- The Washington Times - Thursday, August 17, 2023

Former President Donald Trump, addressing the latest indictment against him, said that Republicans risk losing their party if they don’t fight harder against political prosecutions against him.

Mr. Trump said Republicans should not waver against the onslaught of criminal charges against the front-runner for the party’s 2024 presidential nomination.

“It is a disgraceful thing and Republicans can’t let them get away with it. Republicans have to be tough. The Republicans are great in many ways, but they don’t fight as hard for this stuff and they have to get a lot tougher. And if they don’t, they are not going to have much of a Republican Party,” he said in an interview aired Thursday on Fox Business Network.

Mr. Trump told host Larry Kudlow, who served as the director of the National Economic Council in the Trump White House, that the most recent charges filed against him are an extension of the partisan “witch hunt” he has weathered for years.

“I think they are sick people,” Mr. Trump said of his legal and political foes. “I think they are people that have no idea how the world works, and they have no idea the anger they cause.”

Mr. Trump and 18 others were charged this week by an Atlanta-area grand jury with engaging “in a criminal racketeering enterprise to overturn Georgia’s presidential election result” in 2020.

His co-defendants include former New York City Mayor Rudolph W. Giuliani, who served as the former president’s personal lawyer, and former White House Chief of Staff Mark Meadows.

Mr. Trump now faces 91 felony charges brought against him in four separate cases playing out in Florida, Georgia, New York and Washington.

Mr. Trump, 77, denies any wrongdoing. He insists President Biden and other Democrats are trying to knee-cap his presidential run.

“They are all very similar in the sense there is no basis for them,” Mr. Trump said. “They want to suppress your voice. They don’t want you to ever talk about an election. If you talk about an election, they want to put you in jail.”

Mr. Trump said he is being held to a double standard. He questioned why former Secretary of State Hillary Clinton, former Georgia gubernatorial candidate Stacey Abrams and other Democrats avoided legal action after questioning their electoral losses.

Mr. Trump’s post-indictment public relations campaign has been picking up speed. 

He announced earlier this week that he will share a “CONCLUSIVE Report” of election fraud in Georgia at a news conference Monday in Bedminster, New Jersey, that will show “all charges should be dropped against me & others.”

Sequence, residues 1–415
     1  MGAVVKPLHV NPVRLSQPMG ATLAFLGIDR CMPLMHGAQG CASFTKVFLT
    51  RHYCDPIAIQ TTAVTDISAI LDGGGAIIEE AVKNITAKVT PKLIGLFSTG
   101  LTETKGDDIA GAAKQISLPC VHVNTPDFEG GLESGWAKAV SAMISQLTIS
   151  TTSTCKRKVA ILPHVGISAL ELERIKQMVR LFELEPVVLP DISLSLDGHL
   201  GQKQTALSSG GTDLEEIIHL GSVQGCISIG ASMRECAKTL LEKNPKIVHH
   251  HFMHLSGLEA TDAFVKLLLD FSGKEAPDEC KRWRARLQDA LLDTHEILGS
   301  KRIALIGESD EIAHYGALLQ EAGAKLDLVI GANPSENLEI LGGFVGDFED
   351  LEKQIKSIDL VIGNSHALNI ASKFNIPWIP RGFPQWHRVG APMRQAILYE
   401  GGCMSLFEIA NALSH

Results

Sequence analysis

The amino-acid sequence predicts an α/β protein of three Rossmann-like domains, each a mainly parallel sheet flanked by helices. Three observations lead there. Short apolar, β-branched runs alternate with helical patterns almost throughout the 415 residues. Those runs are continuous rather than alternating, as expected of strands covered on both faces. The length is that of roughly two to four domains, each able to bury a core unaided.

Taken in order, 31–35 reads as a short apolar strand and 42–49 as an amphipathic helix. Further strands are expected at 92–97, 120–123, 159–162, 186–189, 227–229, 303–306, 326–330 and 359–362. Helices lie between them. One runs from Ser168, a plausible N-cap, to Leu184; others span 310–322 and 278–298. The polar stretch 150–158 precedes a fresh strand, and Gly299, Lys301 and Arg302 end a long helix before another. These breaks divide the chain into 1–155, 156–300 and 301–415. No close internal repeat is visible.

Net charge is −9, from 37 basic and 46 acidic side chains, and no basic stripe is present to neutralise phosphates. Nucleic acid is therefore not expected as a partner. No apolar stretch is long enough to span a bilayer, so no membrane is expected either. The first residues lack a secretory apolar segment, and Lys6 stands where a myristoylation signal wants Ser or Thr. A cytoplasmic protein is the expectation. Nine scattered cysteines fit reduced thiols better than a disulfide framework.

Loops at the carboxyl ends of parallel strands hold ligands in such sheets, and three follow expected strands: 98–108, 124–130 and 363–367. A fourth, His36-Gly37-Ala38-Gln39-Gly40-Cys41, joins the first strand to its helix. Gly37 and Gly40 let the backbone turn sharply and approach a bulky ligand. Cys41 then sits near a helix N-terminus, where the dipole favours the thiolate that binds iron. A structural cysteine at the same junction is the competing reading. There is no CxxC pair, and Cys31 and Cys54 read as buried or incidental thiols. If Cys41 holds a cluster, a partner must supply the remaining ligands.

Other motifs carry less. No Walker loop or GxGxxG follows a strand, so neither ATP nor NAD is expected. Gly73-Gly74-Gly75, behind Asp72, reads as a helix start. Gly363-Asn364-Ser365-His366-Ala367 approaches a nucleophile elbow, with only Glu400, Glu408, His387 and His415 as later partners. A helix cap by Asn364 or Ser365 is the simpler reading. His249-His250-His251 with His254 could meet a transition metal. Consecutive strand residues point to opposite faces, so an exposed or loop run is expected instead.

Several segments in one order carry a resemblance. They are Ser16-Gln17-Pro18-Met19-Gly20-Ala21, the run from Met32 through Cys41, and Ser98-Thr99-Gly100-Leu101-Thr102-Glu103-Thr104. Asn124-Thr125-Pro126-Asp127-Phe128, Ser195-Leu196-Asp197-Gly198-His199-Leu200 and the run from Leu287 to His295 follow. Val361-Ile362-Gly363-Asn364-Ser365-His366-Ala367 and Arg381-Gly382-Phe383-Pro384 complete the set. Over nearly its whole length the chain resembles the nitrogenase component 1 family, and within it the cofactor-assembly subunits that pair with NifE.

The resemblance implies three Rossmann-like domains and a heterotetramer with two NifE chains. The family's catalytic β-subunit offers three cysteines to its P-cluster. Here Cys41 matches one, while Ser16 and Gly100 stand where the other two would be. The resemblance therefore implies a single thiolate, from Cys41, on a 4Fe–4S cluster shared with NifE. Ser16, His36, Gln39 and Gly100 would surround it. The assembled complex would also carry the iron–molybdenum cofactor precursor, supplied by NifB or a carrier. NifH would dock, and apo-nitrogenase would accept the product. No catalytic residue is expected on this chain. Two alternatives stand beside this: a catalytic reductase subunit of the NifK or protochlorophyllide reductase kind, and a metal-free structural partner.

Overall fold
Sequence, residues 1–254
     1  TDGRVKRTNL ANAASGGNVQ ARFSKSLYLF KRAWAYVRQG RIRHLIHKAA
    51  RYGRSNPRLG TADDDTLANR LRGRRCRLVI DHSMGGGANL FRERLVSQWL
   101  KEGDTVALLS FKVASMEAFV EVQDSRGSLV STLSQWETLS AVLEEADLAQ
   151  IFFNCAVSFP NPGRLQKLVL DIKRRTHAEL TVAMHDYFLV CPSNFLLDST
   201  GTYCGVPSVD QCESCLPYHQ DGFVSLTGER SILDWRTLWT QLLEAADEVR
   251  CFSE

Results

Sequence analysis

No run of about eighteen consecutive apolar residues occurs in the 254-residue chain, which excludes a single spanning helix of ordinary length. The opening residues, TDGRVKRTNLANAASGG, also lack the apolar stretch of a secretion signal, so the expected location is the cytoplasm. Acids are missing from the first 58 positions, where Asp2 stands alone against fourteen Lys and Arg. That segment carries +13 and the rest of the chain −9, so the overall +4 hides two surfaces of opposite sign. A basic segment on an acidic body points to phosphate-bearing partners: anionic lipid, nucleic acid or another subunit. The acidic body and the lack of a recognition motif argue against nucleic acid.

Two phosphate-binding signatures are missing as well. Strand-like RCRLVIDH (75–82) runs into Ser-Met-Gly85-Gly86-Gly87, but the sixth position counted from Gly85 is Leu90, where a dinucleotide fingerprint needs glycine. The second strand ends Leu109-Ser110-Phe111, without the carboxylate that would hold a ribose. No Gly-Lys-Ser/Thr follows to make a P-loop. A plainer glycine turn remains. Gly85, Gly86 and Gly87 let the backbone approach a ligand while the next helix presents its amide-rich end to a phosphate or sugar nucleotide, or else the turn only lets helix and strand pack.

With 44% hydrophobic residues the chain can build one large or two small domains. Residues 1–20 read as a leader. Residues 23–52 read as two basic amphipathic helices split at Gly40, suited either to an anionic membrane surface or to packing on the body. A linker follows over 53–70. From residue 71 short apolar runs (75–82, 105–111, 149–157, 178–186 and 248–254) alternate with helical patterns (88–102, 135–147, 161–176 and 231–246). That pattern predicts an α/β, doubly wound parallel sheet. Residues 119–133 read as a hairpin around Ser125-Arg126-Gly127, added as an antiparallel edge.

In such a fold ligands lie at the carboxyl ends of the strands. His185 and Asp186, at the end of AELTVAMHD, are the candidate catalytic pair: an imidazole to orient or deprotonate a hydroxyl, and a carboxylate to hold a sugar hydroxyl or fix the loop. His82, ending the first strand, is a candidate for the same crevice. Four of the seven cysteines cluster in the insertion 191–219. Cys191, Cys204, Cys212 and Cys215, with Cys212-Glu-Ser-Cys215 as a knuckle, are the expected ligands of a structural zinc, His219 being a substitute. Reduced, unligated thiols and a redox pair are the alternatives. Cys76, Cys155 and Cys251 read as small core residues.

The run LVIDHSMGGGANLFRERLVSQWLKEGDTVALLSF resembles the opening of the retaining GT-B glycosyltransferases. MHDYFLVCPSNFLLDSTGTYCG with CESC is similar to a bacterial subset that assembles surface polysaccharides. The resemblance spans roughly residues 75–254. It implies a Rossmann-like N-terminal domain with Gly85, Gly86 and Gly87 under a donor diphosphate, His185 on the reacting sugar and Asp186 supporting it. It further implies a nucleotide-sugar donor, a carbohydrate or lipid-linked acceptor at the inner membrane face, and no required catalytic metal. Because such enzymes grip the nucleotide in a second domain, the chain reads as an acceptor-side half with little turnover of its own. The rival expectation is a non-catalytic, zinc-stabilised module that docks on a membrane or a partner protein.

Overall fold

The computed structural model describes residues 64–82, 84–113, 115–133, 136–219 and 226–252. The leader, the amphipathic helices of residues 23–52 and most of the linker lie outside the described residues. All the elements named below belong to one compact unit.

The report, according to the New York Times, was assembled by Liz Harrington, a Trump aide who has been amongst the most vocal promoters of Mr. Trump’s stolen election allegations.

The press conference could be called off, according to news reports Thursday, because Mr. Trump’s legal team warned him against reiterating the stolen-election theories that are the basis for some of the criminal charges against him.

Despite the legal challenges, Mr. Trump maintains solid support among a large portion of GOP primary voters who see the charges level against him as politically motivated.

Mr. Trump’s lead in national polls has increased by double-digits since the news first broke in late March that the Manhattan district attorney was going to charge him with trying to cover up hush money payments made in 2016 to two women and a hotel doorman.

He has since been charged with federal crimes related to the mishandling of classified documents and interfering in the 2020 election.

The Associated Press-NORC Center for Public Affairs Research released a new poll this week showing 63% of Republicans say they want Mr. Trump in the presidential race, marking an increase from 55% in April.

The poll, which was conducted before the Georgia indictments, showed Mr, Trump’s favorable rating among Republicans has jumped to 70% from 60% two months ago.

Mr. Trump’s image, however, is in rough shape outside the GOP’s friendly confines.

A Quinnipiac University national poll released Thursday found that 54% of Americans think Mr. Trump should be prosecuted on criminal charges, compared to 42% who think he should get a pass. 

Independents agreed he should be prosecuted 57% to 37%. 

The AP survey showed 53% of Americans would “definitely not” support Mr. Trump in a general election, and another 11% would “probably not” back him.

• Seth McLaughlin can be reached at smclaughlin@washingtontimes.com.

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